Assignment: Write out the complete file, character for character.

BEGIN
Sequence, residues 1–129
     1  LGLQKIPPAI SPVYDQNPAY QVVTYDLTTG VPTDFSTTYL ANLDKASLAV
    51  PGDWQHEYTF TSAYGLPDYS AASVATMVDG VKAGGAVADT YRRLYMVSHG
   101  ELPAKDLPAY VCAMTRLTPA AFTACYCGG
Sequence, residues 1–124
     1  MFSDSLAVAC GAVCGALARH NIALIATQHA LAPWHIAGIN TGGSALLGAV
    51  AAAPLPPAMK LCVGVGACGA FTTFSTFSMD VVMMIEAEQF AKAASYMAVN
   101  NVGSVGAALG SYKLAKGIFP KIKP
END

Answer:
Sequence, residues 1–129
     1  LGLQKIPPAI SPVYDQNPAY QVVTYDLTTG VPTDFSTTYL ANLDKASLAV
    51  PGDWQHEYTF TSAYGLPDYS AASVATMVDG VKAGGAVADT YRRLYMVSHG
   101  ELPAKDLPAY VCAMTRLTPA AFTACYCGG
Sequence, residues 1–124
     1  MFSDSLAVAC GAVCGALARH NIALIATQHA LAPWHIAGIN TGGSALLGAV
    51  AAAPLPPAMK LCVGVGACGA FTTFSTFSMD VVMMIEAEQF AKAASYMAVN
   101  NVGSVGAALG SYKLAKGIFP KIKP